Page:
Can We Build a Global Climate Diplomacy?

I seem to be on a bit of a climate change tear lately. I would apologise, but we all know I’m not sorry in the slightest, and I’m going to force you to endure discussions about climate change whenever I see fit because it’s a critically important topic. The next few years in particular represent a cusp for action that we need to take before it’s too late; given that we should have been acting years ago, we’re already scrambling to make it up, and that’s not particularly good news for us or the planet.

One thing climate change underscores is that for all we attempt to maintain separation, the actions of people in one nation can have a profound impact on those living on another. Climate change knows no borders and doesn’t care where it distributes its consequences, from droughts to flooding to abnormal temperatures to desertification. The issue is a global one, which means that the globe as a whole needs to be prepared to partner to address it. If nations don’t cooperate, their actions will have a ripple effect that will counteract the efforts on the part of other nations to bring climate change under control.

Global cooperation requires, among other things, great science, to research what exactly is going on, to verify what’s causing it, and to explore possible solutions. And it requires a respect for that science and the people who do it, the promotion of climate science as a discipline, the creation of measures to help scientists do their work. In nations like the United States where one political party seems to actively hate and fear science, this is no small problem. As long as the GOP is involved in decisionmaking pertaining to science policy in the US, we’re going to continue having problems with even very basic funding and research.

And we need diplomacy. A functional climate change diplomacy in which nations actually come to the table willing to discuss the situation and make some sacrifices. The US has failed here too, attempting to pressure other nations into taking specific steps without being willing to do the same. It’s claimed that measures like the Kyoto Protocol were flawed and would harm US interests, and that it will take on its own climate change mitigation programmes, but so far, these have fallen short of reasonable benchmarks.

We seem to expect the rest of the world to pay the price for us, which is an utterly unreasonable expectation. Unsurprisingly, many nations are striking back at the US, demanding more equity in terms of responding to climate change and wanting to see more accountability not just from us, but from other industrialised Western nations which seem to think that their status as former colonial powers entitles them to some kind of special treatment. And a get out of responsibility free card when it comes to taking on climate change and their own role in it; we seem to think we’re entitled to resources that by rights belong to the world, and we appear genuinely shocked when the nations we think so little of dig in their heels on the issue.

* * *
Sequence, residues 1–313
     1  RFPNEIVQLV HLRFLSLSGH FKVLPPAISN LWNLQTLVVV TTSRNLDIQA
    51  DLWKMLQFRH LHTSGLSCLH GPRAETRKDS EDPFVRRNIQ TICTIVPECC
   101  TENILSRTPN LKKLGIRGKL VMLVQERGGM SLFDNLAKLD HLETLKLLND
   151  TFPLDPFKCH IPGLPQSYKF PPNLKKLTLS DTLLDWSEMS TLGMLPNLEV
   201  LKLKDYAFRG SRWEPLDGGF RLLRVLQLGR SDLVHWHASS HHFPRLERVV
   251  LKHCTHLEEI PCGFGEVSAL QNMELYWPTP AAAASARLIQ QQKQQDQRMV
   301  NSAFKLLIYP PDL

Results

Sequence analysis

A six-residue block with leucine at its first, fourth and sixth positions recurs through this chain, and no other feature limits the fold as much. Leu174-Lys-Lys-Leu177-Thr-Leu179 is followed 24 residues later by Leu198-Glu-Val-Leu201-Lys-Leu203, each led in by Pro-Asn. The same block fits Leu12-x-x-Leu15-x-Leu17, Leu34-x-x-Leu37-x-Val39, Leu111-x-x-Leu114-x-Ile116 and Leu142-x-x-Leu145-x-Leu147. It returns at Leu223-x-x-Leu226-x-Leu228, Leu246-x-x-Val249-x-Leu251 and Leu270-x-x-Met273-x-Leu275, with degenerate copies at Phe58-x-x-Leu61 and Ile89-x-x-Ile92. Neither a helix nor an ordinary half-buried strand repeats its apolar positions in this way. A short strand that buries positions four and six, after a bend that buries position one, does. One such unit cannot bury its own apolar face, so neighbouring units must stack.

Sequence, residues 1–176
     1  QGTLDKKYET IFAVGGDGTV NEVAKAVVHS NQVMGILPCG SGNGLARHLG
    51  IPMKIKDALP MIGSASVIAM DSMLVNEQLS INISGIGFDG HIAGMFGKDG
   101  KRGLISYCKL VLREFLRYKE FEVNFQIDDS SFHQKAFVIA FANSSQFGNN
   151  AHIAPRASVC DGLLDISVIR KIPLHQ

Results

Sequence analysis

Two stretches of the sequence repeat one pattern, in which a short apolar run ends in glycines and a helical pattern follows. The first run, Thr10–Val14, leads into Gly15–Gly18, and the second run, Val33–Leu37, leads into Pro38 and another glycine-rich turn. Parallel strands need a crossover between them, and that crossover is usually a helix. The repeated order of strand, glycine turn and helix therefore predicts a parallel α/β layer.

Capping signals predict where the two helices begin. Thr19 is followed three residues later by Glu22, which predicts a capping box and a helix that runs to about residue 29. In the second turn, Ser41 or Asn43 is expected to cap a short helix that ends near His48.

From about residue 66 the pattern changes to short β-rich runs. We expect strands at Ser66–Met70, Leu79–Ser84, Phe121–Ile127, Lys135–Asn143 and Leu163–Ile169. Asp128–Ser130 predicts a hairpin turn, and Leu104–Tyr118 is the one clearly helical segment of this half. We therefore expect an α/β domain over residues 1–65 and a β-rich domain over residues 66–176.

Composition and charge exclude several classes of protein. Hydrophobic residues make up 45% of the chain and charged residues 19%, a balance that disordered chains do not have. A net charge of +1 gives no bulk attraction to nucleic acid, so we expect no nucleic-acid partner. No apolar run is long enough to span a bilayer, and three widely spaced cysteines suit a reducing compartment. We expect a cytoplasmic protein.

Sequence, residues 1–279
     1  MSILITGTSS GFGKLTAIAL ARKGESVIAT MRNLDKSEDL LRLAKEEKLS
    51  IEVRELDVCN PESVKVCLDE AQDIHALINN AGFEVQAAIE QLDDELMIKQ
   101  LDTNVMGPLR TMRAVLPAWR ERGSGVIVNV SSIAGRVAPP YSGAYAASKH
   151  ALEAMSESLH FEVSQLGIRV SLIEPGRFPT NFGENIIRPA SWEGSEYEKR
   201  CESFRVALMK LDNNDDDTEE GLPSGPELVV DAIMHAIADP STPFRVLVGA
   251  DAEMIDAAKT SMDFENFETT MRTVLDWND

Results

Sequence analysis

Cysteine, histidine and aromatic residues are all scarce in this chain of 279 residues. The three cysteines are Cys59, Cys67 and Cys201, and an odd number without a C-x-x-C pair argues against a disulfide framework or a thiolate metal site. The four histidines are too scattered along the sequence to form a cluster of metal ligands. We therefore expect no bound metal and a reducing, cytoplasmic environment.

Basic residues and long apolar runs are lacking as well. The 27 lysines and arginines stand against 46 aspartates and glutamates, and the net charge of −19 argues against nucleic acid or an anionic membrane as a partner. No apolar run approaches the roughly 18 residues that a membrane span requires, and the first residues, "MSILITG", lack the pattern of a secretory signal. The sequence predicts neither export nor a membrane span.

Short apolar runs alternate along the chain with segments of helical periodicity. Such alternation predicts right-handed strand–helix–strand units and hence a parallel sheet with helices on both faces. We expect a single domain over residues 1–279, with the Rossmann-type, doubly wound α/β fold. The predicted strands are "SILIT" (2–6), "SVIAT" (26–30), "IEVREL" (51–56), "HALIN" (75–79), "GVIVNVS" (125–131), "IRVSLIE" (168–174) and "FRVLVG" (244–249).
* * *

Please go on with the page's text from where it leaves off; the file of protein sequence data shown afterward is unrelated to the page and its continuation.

We need a diplomatic corps of scientists and people focused on this issue who are not just extremely knowledgeable about it, but empowered to take specific action and negotiate actual deals. We can’t send people with no power to the table, because it’s insulting, and we can’t send people who have no idea what they’re talking about to the table, because that’s equally rude. It’s clear that the US has chosen not to make this a priority, which is utterly bizarre and frustrating, but the nation has a chance to turn that around and change the way it engages with the world.

Clearly the US is interested in protecting its own economy and political interests. By extension, preserving our environment offers some clear benefits, and it should be obvious to anyone who’s ever been in a room next to someone who’s farted that we are all affected by the actions of others no matter how much we try to isolate ourselves. The United States wants other nations to limit emissions and other destructive activities, and it must be ready and willing to do the same; it must show that it’s committed to preserving not just its own environment, but the global one.

And that comes with a cost. Even as the President has tried to grow green jobs and expand the sector of the economy that is more environmentally friendly, polluting and damaging industries are still thriving in the US, and they will until their activities are brought under control. When they are, yes, those industries will experience a decline and it will have an economic effect—this is inevitable, and the country has to face the fact that some outdated industries may die or need to be extensively rethought in order to develop a better and safer world.

This should be viewed as an opportunity, though; certainly the President has tried to make the best of it over squeals of outrage from firms who profit through these industries. If the US genuinely wants to engage with climate change on a global scale, it should put its money where its mouth is, and set an example. Just as California’s aggressive emissions standards and other environmental protections have been an example for the nation, the US could in turn show the world that it is in fact possible to be a major industrial nation and not be a jerk.